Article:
Cats can catch COVID-19, study finds

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A study published on Wednesday revealed cats could be infected with COVID-19. The information prompted the WHO to say it would look closer into the possibility of humans to pets transmission.

The research, published on the website of the journal Science, showed ferrets could also become infected with SARS-CoV-2, but dogs appear not to be vulnerable.

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The scientists, however, found that other animals such as dogs, chickens, pigs, and ducks are not likely to catch the virus.

The study aimed to identify the animals that could acquire the virus so they could be used for testing experimental vaccines to fight the COVID-19 pandemic. The virus has nearly infected 1.5 million and killed about 83,000 people across the globe since it emerged from Wuhan, China, last December 2019.

COVID-19 is believed to have spread from bats to humans. There has not been strong evidence that pets could be virus carriers except for few reports of infected cats and dogs.

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Also read: Scientists suspect Wuhan coronavirus came from bat soup

For instance, a tiger at the Bronx Zoo in New York City experienced dry cough and loss of appetite. It later tested positive of the virus after being exposed to an infected zookeeper on Sunday.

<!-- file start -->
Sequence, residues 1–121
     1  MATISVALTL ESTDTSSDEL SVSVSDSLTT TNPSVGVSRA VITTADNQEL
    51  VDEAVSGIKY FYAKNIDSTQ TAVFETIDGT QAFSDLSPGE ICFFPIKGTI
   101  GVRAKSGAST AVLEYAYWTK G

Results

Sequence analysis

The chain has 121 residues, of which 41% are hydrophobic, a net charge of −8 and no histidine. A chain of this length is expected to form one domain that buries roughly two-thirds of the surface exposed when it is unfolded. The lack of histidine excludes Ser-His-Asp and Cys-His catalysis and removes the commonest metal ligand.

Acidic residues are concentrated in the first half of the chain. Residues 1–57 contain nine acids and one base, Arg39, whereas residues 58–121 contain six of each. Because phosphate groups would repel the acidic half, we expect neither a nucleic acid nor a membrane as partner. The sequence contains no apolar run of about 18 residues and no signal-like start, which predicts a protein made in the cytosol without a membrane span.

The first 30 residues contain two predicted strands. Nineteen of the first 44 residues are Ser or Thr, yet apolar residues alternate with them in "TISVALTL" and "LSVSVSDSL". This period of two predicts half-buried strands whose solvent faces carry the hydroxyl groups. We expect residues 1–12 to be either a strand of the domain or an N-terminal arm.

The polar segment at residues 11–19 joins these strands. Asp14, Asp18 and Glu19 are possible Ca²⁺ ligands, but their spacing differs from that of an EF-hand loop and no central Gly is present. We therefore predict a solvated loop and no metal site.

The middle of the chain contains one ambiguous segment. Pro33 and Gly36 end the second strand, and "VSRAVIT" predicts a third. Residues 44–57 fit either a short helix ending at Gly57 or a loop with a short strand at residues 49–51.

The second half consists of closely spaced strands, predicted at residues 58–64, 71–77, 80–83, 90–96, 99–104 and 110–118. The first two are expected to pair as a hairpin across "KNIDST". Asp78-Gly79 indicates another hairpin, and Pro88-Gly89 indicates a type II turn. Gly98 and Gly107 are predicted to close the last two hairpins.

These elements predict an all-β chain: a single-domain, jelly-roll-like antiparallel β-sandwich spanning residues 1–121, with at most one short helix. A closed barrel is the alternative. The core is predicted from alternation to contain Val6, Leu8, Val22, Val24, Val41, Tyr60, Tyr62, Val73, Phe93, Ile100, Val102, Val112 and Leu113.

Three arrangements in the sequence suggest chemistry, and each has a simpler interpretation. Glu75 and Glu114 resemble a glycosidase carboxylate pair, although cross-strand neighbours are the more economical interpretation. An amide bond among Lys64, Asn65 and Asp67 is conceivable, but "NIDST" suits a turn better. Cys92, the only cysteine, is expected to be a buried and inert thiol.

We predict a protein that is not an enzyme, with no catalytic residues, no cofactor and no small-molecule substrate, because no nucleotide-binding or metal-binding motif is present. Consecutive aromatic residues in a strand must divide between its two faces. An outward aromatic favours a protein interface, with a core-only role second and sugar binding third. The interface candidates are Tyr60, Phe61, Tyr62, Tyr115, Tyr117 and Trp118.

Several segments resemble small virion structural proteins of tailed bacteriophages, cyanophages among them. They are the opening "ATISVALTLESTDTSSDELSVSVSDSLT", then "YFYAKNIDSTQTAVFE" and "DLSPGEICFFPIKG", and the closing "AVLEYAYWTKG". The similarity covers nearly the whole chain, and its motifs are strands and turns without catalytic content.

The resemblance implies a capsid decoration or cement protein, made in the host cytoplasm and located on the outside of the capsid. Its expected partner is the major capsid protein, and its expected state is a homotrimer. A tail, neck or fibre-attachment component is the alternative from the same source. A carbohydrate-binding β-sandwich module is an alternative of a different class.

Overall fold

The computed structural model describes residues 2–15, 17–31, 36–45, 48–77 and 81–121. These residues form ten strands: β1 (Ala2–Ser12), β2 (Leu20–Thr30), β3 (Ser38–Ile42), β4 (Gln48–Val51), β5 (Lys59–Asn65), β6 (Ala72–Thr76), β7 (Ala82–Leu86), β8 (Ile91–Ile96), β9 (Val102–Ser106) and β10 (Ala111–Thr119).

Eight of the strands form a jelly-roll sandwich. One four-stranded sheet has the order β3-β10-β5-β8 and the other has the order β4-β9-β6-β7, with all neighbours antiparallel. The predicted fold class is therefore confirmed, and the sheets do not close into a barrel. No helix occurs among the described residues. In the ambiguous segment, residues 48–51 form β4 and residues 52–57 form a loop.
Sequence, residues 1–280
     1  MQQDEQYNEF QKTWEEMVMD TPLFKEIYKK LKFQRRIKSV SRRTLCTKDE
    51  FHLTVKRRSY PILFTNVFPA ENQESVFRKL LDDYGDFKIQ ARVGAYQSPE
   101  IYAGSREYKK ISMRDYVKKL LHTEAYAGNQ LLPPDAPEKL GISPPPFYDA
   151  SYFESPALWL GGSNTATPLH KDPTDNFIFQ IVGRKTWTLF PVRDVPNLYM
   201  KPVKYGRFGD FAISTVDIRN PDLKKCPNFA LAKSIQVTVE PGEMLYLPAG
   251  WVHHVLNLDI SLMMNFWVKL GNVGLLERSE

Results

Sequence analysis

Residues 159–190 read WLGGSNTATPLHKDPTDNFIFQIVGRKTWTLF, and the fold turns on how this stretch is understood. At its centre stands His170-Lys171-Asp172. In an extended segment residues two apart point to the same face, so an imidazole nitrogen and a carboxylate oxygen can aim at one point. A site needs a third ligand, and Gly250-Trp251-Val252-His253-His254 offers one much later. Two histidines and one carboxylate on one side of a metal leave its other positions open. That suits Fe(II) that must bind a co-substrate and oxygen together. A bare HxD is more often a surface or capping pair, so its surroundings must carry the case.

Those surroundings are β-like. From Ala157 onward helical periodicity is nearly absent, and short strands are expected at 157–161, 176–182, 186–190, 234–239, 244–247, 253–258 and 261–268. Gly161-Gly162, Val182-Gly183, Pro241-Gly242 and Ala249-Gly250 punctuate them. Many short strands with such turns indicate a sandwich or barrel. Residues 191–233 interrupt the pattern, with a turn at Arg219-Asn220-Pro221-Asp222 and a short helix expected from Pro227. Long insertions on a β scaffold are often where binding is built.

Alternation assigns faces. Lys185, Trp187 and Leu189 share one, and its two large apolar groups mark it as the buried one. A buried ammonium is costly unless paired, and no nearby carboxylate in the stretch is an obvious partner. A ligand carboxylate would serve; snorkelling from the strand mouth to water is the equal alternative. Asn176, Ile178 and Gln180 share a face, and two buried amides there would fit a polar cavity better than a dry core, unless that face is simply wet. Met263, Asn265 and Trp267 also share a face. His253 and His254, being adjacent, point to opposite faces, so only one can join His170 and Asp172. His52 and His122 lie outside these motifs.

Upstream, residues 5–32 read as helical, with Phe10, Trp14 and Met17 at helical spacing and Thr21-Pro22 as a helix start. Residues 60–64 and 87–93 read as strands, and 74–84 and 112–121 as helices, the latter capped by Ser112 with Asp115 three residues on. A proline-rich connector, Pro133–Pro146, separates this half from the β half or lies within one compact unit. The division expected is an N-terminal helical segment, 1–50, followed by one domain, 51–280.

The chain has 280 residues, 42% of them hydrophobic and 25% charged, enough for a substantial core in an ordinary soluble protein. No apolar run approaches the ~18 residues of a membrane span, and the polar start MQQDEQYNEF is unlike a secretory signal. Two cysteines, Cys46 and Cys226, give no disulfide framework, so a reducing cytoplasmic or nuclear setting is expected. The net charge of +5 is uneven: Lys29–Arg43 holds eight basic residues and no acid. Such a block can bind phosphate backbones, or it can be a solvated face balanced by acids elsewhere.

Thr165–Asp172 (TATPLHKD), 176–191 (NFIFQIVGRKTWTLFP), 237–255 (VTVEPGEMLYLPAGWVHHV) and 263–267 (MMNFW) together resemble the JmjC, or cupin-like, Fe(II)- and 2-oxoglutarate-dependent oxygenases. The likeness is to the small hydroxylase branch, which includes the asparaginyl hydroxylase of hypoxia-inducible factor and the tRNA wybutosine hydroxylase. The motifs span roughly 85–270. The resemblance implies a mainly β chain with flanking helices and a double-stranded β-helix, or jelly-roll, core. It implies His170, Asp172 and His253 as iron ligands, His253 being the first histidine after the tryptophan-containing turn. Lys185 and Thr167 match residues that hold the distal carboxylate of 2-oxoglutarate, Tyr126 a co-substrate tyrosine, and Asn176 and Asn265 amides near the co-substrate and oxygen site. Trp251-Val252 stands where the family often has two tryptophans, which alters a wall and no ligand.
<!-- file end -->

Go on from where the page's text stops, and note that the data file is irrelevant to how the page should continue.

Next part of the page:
Cats can catch COVID-19, study finds

The research, based on a study conducted in China in January and February, said that researchers found cats and ferrets highly susceptible to the virus when they attempted to infect the animals by introducing viral particles via the nose.

They also discovered cats could infect each other via respiratory droplets like a human to human transmission. Cats with COVID-19 had the virus in the mouth, nose, and small intestine. Kittens exposed to the virus had massive lesions in their lungs, nose, and throat.

“Surveillance for SARS-CoV-2 in cats should be considered as an adjunct to elimination of COVID-19 in humans,” the authors wrote.

The study also revealed the virus was found in the upper respiratory tract of ferrets did not cause severe complications.

Meanwhile, antibody tests showed dogs were less likely to catch the virus, while inoculated pigs, chickens, and ducks were not found to have any strain of the pandemic coronavirus.

Based on the evidence so far, WHO epidemiologist Maria Van Kerkhove told a news conference: “We don’t believe that they are playing a role in transmission, but we think that they may be able to be infected from an infected person.”

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